Going Greek means making 100 new friends in a single night. Nearly 70% of Sewanee students pledge to one of 19 national fraternities and sororities, providing themselves a firm base for service, socialization, and leadership. Despite the strong presence of Greek life, however, there’s no stark division between the community of Greek and non-Greek students. Fraternity and sorority houses are nonresidential, so all students live together in the residence halls. All Greek-sponsored parties and events are also open to everyone on campus, regardless of pledge status.
A Sewanee education provides much more than just technical training; it also prepares students to make positive impacts in the world. The University encourages the connection between mind and heart, establishing numerous service opportunities for the campus at large. The All Saints’ Chapel and the student-run Community Service Council, for example, coordinate and supervise several service programs, including adult literacy work, AIDS awareness, alcohol education, mentoring and tutoring, staffing at homeless shelters, recycling, and providing companionship for senior citizens.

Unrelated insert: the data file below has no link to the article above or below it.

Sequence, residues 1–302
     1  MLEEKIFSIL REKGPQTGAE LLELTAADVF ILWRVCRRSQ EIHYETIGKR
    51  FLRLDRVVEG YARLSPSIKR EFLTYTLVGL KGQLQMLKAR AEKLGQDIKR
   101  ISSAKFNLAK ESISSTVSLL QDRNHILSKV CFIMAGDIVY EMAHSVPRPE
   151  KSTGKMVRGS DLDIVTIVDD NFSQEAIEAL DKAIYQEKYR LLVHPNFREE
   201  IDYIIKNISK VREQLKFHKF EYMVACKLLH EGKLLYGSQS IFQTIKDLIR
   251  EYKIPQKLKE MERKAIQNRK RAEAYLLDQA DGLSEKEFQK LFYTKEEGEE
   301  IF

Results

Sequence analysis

Sewanee establishes much more than just knowledge and career preparation; it also ingrains in students an ethical compass that guides them through all of life’s obstacles.
Sewanee provides an excellent foundation for pre-professional students. The University’s pre-law program encourages strong oral and written communication skills, a critical understanding of societal institutions and values, and a logical approach to problem solving. The results speak for themselves: 95% of pre-law grads are accepted into law school, and pre-health grads boast acceptance rates to medical, dental, and veterinary schools well above the national average.
Alumni of Honor
Sewanee graduates reap the lion’s share of postgraduate awards. The University has produced 24 Rhodes Scholars, 34 Watson Fellows, and 24 NCAA Postgraduate scholars in addition to a number of other award-recipients.
Sewanee’s rigorous academics are the perfect foundation for advanced study, supporting alumni who greatly appeal to impressive graduate programs. 70% of Sewanee students pursue postgraduate studies at institutions like Vanderbilt University, Duke University, the University of Georgia, Harvard University, Yale University, the University of Tennessee, Stanford University, and many more.